A&A:Trouble obtaining arrest records and mugshots

Q: We are attempting to obtain arrest logs and mugshots or the booking photos associated with each arrest from local police jurisdictions for the purpose of crime statistical data gathering. We are asking for data on a consistent basis, i.e. daily email, weekly spreadsheets etc. Some jurisdictions have supplied the arrest logs but no photos. Other jurisdictions act like this is the first time they have ever had a request for such information. Can you please advise?

A: With respect to arrest logs, California’s Public Records Act exempts certain law enforcement records (namely, “records of complaints to, or investigations conducted by, or records of intelligence information or security procedures of … any state or local police agency, or any investigatory or security files compiled by any other state or local police agency, or any investigatory or security files compiled by any other state or local agency for correctional, law enforcement, or licensing purposes”), but it expressly provides that “state and local law enforcement agencies shall make public” the following information (unless doing so would “endanger the safety of a person involved in an investigation or would endanger the successful completion of the investigation or a related investigation”):

The full name and occupation of every individual arrested by the agency, the individual’s physical description including date of birth, color of eyes and hair, sex, height and weight, the time and date of arrest, the time and date of booking, the location of the arrest, the factual circumstances surrounding the arrest, the amount of bail set, the time and manner of release or the location where the individual is currently being held, and all charges the individual is being held upon, including any outstanding warrants from other jurisdictions and parole or probation holds Gov’t Code § 6254(f).

As to mug shots, unfortunately, there is no California case that discusses whether the Public Records Act requires release of booking photographs, or whether such records are exempt.

Agencies often cite an Attorney General opinion from 2003, in which the AG opined that law enforcement has the discretion to decide whether to disclose booking photos primarily on the theory that “mug shots fall within the ‘records of investigations’ exemption” in § 6254(f), to justify withholding booking photos. 86 Ops. Cal. Atty. Gen. 132, 135 (2003).

However, the California Supreme Court has explained that this exemption applies only to a record that “on its face purport[s] to be an investigatory record,” Williams v. Superior Court, 5 Cal. 4th 337, 356 (1993).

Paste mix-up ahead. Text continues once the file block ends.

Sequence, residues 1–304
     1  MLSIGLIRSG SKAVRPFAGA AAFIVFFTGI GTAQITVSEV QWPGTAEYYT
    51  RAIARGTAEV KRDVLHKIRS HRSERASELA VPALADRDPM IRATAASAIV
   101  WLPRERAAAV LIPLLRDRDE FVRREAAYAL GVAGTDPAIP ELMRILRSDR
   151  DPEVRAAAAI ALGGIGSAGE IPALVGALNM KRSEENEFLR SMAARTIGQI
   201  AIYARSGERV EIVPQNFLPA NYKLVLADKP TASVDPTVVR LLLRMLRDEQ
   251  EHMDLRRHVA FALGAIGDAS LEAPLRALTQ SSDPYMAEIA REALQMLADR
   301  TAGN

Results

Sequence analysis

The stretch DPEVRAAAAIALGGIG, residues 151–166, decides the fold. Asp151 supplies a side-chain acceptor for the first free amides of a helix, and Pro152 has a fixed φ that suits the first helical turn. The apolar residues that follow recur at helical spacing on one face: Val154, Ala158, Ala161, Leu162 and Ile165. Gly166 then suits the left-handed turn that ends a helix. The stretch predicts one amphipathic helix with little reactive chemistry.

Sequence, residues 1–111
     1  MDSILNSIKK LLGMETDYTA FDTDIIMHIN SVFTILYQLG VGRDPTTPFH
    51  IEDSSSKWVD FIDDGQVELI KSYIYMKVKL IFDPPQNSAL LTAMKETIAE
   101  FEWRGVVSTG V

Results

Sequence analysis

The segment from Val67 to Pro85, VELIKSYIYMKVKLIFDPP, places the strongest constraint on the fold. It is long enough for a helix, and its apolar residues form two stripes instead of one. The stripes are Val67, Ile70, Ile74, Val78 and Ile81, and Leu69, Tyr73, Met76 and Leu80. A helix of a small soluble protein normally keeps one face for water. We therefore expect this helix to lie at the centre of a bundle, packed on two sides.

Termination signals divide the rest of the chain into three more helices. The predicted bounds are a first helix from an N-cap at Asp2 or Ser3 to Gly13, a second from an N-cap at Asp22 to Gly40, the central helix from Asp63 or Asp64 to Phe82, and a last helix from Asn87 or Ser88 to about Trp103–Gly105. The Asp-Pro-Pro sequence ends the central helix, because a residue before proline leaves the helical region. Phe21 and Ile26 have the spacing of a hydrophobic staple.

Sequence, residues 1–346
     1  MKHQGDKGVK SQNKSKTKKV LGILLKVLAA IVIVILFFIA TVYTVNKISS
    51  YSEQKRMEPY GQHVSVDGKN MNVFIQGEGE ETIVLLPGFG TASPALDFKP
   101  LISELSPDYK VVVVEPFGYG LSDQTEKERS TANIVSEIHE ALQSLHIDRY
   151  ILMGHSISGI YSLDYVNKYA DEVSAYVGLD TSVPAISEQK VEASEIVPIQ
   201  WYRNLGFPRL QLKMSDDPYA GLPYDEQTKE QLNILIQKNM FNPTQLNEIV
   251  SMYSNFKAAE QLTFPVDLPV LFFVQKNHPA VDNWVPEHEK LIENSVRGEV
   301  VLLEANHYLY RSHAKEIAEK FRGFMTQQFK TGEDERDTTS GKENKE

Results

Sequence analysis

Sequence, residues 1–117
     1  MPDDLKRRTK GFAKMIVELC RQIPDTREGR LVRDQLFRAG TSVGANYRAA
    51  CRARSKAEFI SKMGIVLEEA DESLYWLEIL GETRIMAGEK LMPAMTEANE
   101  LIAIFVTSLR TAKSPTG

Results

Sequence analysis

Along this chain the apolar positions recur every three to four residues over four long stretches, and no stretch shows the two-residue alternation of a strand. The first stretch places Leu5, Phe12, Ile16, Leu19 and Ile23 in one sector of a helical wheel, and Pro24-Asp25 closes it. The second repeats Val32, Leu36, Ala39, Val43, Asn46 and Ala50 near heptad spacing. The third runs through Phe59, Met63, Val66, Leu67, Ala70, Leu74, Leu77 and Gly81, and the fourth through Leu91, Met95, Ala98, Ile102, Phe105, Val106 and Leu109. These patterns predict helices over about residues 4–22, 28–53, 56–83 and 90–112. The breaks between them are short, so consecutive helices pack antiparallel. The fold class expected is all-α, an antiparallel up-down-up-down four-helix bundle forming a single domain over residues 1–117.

Thus, it could be argued that that narrow of category of records does not include booking photographs. Pemberton v. Bethlehem Steel Corp., 502 A.2d 1101, 1119 (Md. Ct. Spec. App. 1986) (ordering disclosure because “[i]t is not at all clear that a ‘mug shot’ necessarily constitutes or is part of a ‘record of investigation’ so as to be permissibly excludable” from public disclosure under similarly worded open records law).

Arguably, mug shots are not on their face records of an investigation, and may not be withheld under the investigatory exemption except where they are legitimately used for investigatory purposes. Williams, 5 Cal. 4th at 356.

An agency may not shield a record from public disclosure “simply by placing it in a file labeled ‘investigatory.’ … ‘To say that the exemption created by subdivision (f) is applicable to any document which a public agency might, under any circumstances, use in the course of [an investigation] would be to create a virtual carte blanch for the denial of public access to public records. The exception would thus swallow the rule.'” Id. (quoting Uribe v. Howie, 19 Cal. App. 3d 194, 212-13 (1971)).

Also, since — as noted above — the PRA requires that law enforcement agencies a “physical description” of arrestees, including eye color, hair color, gender, height and weight, Gov’t Code § 6254(f)(1), one could argue that a booking photo falls into this category of records that must be released, since it does no more than visually show information that a law enforcement agency is required to release anyway. In light of the AG opinion on mug shots, however, it may be difficult to convince an agency that resists disclosure to produce them.

It is not clear that an agency would be required to provide information on an ongoing basis in response to single request (i.e., please send us each week records reflecting X, Y, and Z), though — as a practical matter — you may be able to establish a routine with a particular agency and get the records regularly without having to make requests each week.

If an agency refuses to provide records under the PRA — or fails to respond at all within the statutorily defined timeframe — the ultimate recourse is filing a lawsuit under Gov’t Code § 6259. Such lawsuits are typically initiated by a verified petition (i.e., a request filed under oath) that asks the court to issue a writ of mandate, which is a type of order directing the public agency to take a specified action. Attorney’s fees are available to a plaintiff who prevails in litigation filed pursuant to the Act, Gov’t Code § 6259(d).

You can find additional information about the PRA at the First Amendment Coalition web site at https://firstamendmentcoalition.org/category/resources/access-to-records/.

Holme Roberts & Owen LLP is general counsel for the First Amendment Coalition and responds to First Amendment Coalition hotline inquiries. In responding to these inquiries, we can give general information regarding open government and speech issues but cannot provide specific legal advice or representation.

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